Improving Memory and Brain Function
A new study conducted by researchers at the Center for Brain Health at The University of Texas at Dallas found that engaging in regular physical exercise also helps adults improve memory and brain health in addition to overall fitness. The physical training group participated for one hour, three times a week, for twelve weeks on a stationary bike or treadmill. The group’s cognition, resting cerebral blood flow, and cardiovascular fitness were assessed prior to the beginning of the study, at the mid-point, and at the end. Researchers saw increase in brain blood flow to the anterior cingulate, indicating higher neuronal activity and metabolic rate.
What’s equally impressive is the fact that exercising outside is proven to increase the length of time the exercise is performed. A 2012 study found that those who exercised outside did so for longer periods and more often than those working out indoors.

Specifically, the researchers asked people aged sixty-six or older about their exercise habits and then fitted them all with electronic gadgets that measured their activity levels for a week. The gadgets and the survey showed that the volunteers who exercised outside, usually by walking, were significantly more physically active than those who exercised indoors, completing, on average, about thirty minutes more exercise each week than those who walked or otherwise exercised indoors.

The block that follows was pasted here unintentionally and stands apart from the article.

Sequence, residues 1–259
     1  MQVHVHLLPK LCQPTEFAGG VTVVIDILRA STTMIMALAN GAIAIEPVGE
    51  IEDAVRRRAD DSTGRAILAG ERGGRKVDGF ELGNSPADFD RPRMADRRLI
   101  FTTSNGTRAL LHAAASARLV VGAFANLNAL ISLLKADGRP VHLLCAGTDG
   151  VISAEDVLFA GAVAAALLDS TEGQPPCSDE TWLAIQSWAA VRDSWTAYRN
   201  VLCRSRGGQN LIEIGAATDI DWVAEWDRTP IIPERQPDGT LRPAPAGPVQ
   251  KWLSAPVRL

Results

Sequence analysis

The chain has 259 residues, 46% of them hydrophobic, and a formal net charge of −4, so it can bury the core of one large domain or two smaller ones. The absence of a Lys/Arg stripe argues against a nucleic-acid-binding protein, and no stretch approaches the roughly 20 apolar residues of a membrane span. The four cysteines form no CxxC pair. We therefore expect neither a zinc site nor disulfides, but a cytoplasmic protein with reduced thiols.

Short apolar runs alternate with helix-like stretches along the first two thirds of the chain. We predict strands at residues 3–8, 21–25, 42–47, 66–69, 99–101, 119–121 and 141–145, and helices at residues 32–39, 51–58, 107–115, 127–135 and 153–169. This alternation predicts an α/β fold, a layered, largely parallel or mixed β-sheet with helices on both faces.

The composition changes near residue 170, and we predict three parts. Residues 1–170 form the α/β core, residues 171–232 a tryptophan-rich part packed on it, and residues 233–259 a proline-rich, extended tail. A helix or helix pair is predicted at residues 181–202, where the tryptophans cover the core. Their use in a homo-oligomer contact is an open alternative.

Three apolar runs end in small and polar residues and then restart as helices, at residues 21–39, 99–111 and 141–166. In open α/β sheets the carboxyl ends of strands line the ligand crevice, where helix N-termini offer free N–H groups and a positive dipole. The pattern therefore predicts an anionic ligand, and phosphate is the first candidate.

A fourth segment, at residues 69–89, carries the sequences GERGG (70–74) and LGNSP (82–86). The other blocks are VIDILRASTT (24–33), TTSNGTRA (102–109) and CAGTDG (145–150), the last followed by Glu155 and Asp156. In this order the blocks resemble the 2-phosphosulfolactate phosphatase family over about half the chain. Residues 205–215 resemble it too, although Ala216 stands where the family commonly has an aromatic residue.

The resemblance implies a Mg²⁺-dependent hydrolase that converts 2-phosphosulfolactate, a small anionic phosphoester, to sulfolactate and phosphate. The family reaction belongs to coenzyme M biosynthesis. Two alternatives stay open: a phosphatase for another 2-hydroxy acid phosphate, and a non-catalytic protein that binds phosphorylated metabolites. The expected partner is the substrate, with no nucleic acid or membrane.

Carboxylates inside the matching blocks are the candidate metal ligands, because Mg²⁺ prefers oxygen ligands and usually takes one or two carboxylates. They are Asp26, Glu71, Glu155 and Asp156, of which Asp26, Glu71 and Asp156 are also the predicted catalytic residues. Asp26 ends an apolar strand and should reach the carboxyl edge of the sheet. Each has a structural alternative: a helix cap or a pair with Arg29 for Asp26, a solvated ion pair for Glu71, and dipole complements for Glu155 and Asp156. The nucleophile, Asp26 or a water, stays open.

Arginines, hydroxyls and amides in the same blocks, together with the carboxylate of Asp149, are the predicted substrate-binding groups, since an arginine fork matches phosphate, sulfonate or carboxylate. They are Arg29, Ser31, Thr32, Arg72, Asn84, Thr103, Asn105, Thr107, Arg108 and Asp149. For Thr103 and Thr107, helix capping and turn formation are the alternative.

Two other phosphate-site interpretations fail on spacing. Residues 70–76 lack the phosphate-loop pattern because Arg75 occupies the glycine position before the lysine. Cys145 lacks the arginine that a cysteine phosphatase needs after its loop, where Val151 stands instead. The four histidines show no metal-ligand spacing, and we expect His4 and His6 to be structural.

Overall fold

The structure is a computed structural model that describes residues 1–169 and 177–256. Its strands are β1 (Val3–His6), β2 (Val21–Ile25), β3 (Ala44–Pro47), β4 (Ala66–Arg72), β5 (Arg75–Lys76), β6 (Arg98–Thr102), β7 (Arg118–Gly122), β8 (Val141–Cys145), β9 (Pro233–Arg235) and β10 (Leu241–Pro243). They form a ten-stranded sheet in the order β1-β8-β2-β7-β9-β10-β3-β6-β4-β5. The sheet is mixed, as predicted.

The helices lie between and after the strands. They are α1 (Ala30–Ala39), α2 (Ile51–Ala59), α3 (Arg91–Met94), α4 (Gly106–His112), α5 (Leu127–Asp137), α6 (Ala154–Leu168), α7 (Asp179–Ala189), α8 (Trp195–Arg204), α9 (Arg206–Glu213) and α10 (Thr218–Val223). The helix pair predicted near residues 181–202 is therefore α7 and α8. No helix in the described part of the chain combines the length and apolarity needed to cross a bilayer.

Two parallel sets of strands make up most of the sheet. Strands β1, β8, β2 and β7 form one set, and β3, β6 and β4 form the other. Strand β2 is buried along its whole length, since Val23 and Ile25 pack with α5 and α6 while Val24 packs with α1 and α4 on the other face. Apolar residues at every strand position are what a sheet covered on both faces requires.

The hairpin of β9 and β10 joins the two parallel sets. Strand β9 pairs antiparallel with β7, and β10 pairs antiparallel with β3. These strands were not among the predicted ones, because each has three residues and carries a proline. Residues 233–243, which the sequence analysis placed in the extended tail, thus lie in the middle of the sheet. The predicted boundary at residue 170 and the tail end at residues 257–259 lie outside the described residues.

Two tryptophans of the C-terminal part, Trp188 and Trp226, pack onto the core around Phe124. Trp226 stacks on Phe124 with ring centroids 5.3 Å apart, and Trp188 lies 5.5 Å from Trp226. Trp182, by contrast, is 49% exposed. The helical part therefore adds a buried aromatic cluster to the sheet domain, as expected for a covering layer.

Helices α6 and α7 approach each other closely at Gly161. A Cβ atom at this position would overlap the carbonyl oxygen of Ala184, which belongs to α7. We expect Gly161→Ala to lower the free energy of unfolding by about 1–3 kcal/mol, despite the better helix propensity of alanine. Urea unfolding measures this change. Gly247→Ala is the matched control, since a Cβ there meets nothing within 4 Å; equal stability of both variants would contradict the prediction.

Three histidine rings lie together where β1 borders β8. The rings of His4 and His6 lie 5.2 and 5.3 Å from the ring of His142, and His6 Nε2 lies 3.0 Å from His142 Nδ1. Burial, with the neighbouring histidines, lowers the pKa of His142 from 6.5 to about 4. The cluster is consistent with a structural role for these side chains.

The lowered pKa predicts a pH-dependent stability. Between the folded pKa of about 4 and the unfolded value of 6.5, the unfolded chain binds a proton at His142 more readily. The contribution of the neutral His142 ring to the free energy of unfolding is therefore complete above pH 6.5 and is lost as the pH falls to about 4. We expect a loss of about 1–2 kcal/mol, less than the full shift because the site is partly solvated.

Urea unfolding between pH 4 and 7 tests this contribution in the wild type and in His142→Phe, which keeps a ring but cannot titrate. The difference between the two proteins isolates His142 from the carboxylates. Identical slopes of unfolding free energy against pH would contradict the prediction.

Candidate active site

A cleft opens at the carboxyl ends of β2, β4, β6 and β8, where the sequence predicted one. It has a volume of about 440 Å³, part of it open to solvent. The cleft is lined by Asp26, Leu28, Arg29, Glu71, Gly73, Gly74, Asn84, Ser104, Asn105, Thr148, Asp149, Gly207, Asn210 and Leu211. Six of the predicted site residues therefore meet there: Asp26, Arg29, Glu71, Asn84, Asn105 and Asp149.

When designing outdoor adult fitness parks, it is important to think of creating opportunities for a well-rounded workout, providing muscle resistance training, core development, aerobic activity, and opportunities to develop balance and flexibility; all of these elements are crucial for overall fitness. While indoor fitness areas generally achieve this balance due to the overwhelming amount of equipment to choose from, these four areas must be strategically planned in an outdoor fitness park, as there are on average fewer than fifteen pieces of equipment present in these environments.

Guidebooks such as Outdoor Adult Fitness Parks, Best Practices for Promoting Community Health by Increasing Physical Activity provide design guidance by way of charts that highlight the primary benefit of most outdoor fitness equipment, as well as a list and images of the muscles each piece will work. The guide provides an easy reference for facilities wanting to ensure the four elements of an effective workout are covered; it also cites several case studies on outdoor environments around the U.S. that have put the design guidelines into practice.

About the Author
Anne-Marie Spencer is the Corporate Vice President of Marketing for PlayCore and serves as a member of their Center for Professional Development team. She has a monthly column dedicated to active lifestyles, play, and fitness. For more information on outdoor fitness spaces, contact her at